Nora found a curious little C# helper method. It was called in exactly one place and it is… not exactly necessary in any case.

/// <summary> /// Return the Filter Index /// </summary> /// <param name="item"></param> /// <returns></returns> private int GetFilterIndex(bool item) { int index = 0; switch (item) { case true: index = 1; break; default: index = 0; break; } return index; }

This method wants to take a boolean and convert it into an integer- 1 if true, 0 if false. Right off the bat, this method isn't needed- Convert.ToInt32 would do the job. Well, maybe our developer didn't know about that method, which isn't really an excuse, but then they write this logic in the most verbose way possible, favoring a switch over a simpler conditional, doing the dance of "only one return from a method" (which I'm not a fan of as a rule).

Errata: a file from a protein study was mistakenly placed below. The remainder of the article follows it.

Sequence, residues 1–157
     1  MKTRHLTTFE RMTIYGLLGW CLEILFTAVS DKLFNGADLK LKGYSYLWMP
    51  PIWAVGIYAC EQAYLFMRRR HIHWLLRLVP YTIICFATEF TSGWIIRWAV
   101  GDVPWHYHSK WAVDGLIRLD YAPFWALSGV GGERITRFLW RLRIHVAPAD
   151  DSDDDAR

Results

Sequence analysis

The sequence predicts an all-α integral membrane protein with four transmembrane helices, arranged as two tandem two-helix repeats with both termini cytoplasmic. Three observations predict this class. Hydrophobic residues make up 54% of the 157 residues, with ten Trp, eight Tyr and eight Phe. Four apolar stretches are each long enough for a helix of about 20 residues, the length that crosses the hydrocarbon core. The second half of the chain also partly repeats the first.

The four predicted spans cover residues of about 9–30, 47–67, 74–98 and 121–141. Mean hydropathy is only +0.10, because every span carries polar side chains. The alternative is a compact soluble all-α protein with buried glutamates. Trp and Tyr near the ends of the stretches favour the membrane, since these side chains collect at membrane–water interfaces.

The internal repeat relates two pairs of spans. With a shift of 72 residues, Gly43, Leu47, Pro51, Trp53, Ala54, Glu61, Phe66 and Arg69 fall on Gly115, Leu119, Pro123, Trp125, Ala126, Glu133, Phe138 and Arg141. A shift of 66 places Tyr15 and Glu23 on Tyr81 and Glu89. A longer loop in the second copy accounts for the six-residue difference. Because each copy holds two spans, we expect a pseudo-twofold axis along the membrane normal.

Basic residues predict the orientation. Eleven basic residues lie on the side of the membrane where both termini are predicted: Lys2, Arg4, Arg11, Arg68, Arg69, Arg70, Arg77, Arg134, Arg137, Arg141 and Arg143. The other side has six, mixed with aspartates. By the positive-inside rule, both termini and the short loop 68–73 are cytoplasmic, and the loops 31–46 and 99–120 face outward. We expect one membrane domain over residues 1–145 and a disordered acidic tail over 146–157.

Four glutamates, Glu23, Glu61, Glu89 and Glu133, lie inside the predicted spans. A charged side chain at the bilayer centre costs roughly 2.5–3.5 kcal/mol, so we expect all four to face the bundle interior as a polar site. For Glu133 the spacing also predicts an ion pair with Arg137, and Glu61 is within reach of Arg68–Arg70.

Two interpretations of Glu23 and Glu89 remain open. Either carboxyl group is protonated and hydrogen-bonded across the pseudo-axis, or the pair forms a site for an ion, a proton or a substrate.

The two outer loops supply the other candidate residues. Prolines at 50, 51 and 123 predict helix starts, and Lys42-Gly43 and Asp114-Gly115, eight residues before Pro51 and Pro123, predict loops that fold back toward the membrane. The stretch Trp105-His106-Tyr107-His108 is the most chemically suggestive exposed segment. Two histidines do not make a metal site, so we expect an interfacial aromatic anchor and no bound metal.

Even so, you could compact this into an actually readable ternary: return item ? 1 : 0;

So let's just see how this unnecessary method gets invoked.

FilterIndex = GetFilterIndex(FilterCheckBox.Checked); FilteredSortedItems = FilterIndex > 0 ? CurrentItemList.Where(info => Convert.ToInt32(info.IsFlagged) == FilterIndex).ToList() : CurrentItemList.ToList();

Okay, so they do know about the Convert.ToInt32 method. Good to know. But then their use of GetFilterIndex is to do a comparison to see if it`s greater than 0, which only happens if it's true, so there's no need for this filter index method at all.

FilterdSortedItems = FilterCheckBox.Checked ? …

Oh, and the Convert.ToInt32 used here is also unnecessary, since info.IsFlagged is also a boolean, so once again, we could just compare info.IsFlagged == FilterCheckBox.Checked.

It's a method written the long way around to solve a problem in one place that doesn't even need to be solved, and as a bonus, the use of the method, its name, and its role, just makes the code less clear and harder to understand.

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